Earth’s message in 2013: Take heed
By Dave Golowenski
For The Columbus Dispatch Sunday December 29, 2013 5:53 AM
Algae blooms in Lake Erie invite international scrutiny and local dismay. An increase in the regional tick population portends one of many unsettling trends in nature. Tree species in the neighborhood are being murdered by bugs.
That is on the home front.
Yet most of the ecological action takes place outside the Buckeye State.
No walls separate Ohio from developments elsewhere on what architect Buckminster Fuller in 1967 christened Spaceship Earth. The inhabited rock, Fuller suggested, spins and speeds through a cold and vast universe hugging a thermonuclear glob of compressed elements that somehow ignited life 31/2 billion years ago, give or take.
A thin layer of gas, the residue of chemical and biological interplay that began with the planet’s formation, provides Earth with its sole protection from the cold, heat, cosmic rays and chaos beyond. Under such conditions, what happens somewhere has an impact everywhere.
Whether 2013 brought the planet’s inhabitants closer to some brink or nearer an awakening remains to be seen, though it gets harder to ignore the direction. Consider these reports from the year:
• The oceans, absorbing carbon dioxide from the atmosphere, are acidifying at a rate that hasn’t occurred for 300 million years, the International Program on the State of the Ocean reported. Krill, an abundant shrimplike creature that provides food for whales, seals and penguins, are under stress caused by changes in phytoplankton abundance wrought by warming and acidification. Unusually warm water was blamed for the lowest recorded early-season level of zooplankton in the North Atlantic off New England.
• The condition of Australia’s Great Barrier Reef, universally acclaimed as one of Earth’s seven natural wonders, was downgraded from moderate to poor by the Australian government.
• A mass stranding of whales near Madagascar in 2008 was blamed in a scientific report issued in October on high-frequency sonar used to map the sea bottom for oil deposits. More than 80 elephants died in Zimbabwe when poachers poisoned their water holes with cyanide. An estimated 1,000 African rhinos were slaughtered illegally for the purported healing power of their horns, though the horns are made of the same substance as human fingernails.
• Florida declared extinct the Zestos skipper butterfly and the Rockland grass skipper butterfly. The number of migrant monarch butterflies reported at their wintering site in Mexico was the lowest since the colonies were discovered in 1975. The European Grassland Butterfly Indicator suggested that butterfly numbers on grasslands have decreased by almost half.
• A 50-year NASA-led study concluded that higher temperatures are causing tropical forests to absorb increasingly less carbon dioxide. The Fishery and Aquaculture Department of the United Nations reported that overfishing has depleted major marine stocks.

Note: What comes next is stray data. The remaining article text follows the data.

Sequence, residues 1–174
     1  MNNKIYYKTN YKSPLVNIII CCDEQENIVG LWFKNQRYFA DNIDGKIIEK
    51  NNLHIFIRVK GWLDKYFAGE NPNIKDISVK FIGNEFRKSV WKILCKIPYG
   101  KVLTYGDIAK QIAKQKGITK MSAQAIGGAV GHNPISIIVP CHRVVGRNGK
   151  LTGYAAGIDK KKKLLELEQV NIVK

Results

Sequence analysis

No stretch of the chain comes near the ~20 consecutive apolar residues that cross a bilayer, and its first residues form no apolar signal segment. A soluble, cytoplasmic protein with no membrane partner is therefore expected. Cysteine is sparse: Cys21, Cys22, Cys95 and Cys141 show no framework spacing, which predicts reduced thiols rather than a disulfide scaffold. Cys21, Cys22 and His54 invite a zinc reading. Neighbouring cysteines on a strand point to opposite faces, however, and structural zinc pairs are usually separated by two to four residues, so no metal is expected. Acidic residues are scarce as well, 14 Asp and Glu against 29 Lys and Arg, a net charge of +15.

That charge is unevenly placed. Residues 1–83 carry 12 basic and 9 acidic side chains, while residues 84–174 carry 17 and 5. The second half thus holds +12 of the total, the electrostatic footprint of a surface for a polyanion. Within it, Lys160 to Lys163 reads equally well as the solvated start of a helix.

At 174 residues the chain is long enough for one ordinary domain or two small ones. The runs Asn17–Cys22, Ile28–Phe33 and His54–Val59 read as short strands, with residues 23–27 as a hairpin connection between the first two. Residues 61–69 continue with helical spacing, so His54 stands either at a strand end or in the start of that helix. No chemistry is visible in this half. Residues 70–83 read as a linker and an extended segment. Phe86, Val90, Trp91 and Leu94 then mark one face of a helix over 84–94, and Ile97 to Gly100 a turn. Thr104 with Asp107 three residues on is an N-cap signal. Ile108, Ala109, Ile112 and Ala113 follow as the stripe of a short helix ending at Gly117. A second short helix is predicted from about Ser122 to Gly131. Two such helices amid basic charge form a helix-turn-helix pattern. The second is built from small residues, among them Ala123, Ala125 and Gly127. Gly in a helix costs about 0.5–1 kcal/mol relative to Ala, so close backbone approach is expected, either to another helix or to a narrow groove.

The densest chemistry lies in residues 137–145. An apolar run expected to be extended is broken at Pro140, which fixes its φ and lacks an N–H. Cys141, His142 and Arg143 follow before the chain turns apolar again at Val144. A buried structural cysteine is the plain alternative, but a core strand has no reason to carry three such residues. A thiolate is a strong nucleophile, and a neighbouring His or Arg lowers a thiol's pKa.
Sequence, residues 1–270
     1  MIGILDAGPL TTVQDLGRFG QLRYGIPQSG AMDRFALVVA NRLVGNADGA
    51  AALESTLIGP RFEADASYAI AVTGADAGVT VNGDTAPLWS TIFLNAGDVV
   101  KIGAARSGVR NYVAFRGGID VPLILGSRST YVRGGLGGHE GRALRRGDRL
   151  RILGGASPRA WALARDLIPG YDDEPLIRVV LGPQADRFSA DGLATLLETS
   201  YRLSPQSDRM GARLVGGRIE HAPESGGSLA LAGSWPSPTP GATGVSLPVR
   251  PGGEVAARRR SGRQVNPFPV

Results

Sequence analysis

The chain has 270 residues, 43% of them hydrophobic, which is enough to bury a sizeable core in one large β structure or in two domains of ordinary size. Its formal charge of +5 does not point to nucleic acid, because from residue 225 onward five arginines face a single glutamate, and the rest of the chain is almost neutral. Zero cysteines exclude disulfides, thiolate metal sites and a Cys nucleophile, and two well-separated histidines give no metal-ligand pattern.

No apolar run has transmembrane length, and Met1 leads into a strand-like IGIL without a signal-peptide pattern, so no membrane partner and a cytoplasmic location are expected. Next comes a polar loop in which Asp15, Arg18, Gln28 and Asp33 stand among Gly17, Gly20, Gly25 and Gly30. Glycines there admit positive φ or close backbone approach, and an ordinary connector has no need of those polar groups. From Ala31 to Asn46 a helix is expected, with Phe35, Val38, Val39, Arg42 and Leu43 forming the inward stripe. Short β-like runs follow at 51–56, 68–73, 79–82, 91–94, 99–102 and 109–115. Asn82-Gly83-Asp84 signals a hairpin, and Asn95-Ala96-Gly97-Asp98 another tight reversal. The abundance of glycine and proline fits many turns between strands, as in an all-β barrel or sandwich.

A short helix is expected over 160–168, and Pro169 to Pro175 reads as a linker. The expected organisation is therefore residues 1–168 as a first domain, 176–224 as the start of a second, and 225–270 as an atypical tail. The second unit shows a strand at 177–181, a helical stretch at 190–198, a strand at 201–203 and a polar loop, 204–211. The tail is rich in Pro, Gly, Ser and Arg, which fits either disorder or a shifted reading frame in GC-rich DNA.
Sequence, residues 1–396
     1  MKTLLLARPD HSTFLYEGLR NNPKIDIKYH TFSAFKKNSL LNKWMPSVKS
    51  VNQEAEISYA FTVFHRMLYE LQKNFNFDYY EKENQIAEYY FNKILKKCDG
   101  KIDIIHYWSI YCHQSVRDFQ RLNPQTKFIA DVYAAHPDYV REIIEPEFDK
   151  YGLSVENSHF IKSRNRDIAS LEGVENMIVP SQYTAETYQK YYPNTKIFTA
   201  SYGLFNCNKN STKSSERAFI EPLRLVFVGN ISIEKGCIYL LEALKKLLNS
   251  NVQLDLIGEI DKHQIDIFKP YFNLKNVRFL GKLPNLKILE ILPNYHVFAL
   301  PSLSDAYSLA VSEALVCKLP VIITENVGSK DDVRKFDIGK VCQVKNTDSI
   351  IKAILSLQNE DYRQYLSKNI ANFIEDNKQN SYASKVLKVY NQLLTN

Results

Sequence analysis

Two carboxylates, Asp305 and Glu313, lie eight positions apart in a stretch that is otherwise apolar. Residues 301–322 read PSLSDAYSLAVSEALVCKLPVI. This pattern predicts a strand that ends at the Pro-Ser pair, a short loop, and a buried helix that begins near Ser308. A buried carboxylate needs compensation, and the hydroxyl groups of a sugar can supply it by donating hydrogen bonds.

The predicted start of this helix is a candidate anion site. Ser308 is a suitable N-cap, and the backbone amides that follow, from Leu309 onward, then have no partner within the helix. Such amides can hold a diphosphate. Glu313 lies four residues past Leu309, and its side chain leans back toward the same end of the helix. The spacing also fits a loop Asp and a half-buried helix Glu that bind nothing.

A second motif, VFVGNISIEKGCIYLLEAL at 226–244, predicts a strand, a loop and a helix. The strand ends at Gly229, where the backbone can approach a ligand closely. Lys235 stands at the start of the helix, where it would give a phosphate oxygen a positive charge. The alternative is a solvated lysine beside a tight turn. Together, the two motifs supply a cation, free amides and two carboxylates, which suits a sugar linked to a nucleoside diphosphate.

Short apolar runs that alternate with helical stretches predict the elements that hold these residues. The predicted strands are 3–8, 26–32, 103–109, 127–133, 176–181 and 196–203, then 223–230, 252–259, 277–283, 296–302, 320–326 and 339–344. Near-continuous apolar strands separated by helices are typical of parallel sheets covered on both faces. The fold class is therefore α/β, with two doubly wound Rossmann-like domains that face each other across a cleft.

• Satellite measurements indicated that Greenland is losing its ice sheets at a rate of about 300 billion tons a year. An iceberg 278 square miles, an area larger than Chicago, broke off from an Antarctic glacier. August was the warmest on record at the South Pole, where the winter temperature averaged minus-63.9 degrees.
• The finless porpoise that has inhabited China’s Yangtze River for eons was declared critically endangered. The number of Chinese white dolphins, a victim of pollution and boat traffic, fell to 61 at last count, a Hong Kong conservation group reported. China’s national “water census” showed that as many as 28,000 rivers logged in a government database have vanished since the 1990s.
• Most streams east of the Mississippi River were judged as in “poor biological shape” by the U.S. Environmental Protection Agency. A spreading fungus threatens to wipe out production of the Cavendish cultivar banana, the kind most sold in U.S. grocery stores. Invasive large snails capable of eating stucco and anything green are increasing in south Florida.
• Aquifers in parts of the U.S. Plains are too tapped out to support irrigation. The U.S. Geological Survey and several universities found that amphibians are disappearing in North America. Atlantic puffin colonies off the Maine coast and New England lobsters appear to be in trouble. A molasses spill killed thousands of sea creatures in Honolulu Harbor.
• Although it has been banned for more than 30 years, DDT were found in high levels in the earwax of a dead blue whale. In September, 14 inches of rain fell on parts of Colorado during a “once in a 1,000 years” rainstorm, and 11 inches fell in 24 hours in New Mexico. More than 7 inches of rain fell in Ft. Belvoir, Va., in three hours in September. A blizzard killed thousands of cattle in South Dakota in October. The average daily temperature in Alaska during October was the highest on record. Unable to find sea ice, 10,000 walruses packed a beach on Alaska’s northwest coast.
• Duke Energy agreed to pay a $1 million fine after acknowledging it knew its wind turbines in Wyoming would kill eagles, other birds and bats. Wind turbines in the United States killed 600,000 bats in 2012, most of them in the Appalachian region, the journal BioScience reported. Scientists could not explain what killed 95 percent of the starfish in California’s Monterey Bay. British Columbia’s 9,000-year-old sponge reefs, until recently thought to be extinct, were being destroyed by commercial trawl nets. Invasive lionfish, released into the Atlantic from home aquariums in Florida, were devastating native fish populations.
• And Foreign Affairs reported that Earth Overshoot Day — designated by Global Footprint Network, an independent and international think tank, as the day “humanity’s demand for natural resources exceeds the earth’s ability to renew them in a year” — occurred in August, with some 18 weeks remaining in 2013.